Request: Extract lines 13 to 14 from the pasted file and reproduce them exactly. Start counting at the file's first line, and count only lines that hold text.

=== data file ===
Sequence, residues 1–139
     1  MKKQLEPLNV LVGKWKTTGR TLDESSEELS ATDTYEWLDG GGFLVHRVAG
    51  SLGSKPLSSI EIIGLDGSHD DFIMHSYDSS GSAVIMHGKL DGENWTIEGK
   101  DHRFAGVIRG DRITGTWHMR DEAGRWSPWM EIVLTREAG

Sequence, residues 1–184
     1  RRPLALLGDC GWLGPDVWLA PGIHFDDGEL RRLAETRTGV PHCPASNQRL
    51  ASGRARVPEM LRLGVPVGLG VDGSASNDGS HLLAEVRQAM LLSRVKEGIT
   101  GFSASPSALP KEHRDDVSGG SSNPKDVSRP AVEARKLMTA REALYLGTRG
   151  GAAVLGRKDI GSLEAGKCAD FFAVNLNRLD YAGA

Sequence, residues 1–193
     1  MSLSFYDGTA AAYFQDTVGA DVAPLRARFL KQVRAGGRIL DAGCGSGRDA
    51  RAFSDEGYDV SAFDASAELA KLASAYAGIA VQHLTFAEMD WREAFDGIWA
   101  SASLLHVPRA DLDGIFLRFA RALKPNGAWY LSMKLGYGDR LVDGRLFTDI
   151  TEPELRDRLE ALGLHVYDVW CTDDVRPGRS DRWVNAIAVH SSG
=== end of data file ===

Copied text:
   101  SASLLHVPRA DLDGIFLRFA RALKPNGAWY LSMKLGYGDR LVDGRLFTDI
   151  TEPELRDRLE ALGLHVYDVW CTDDVRPGRS DRWVNAIAVH SSG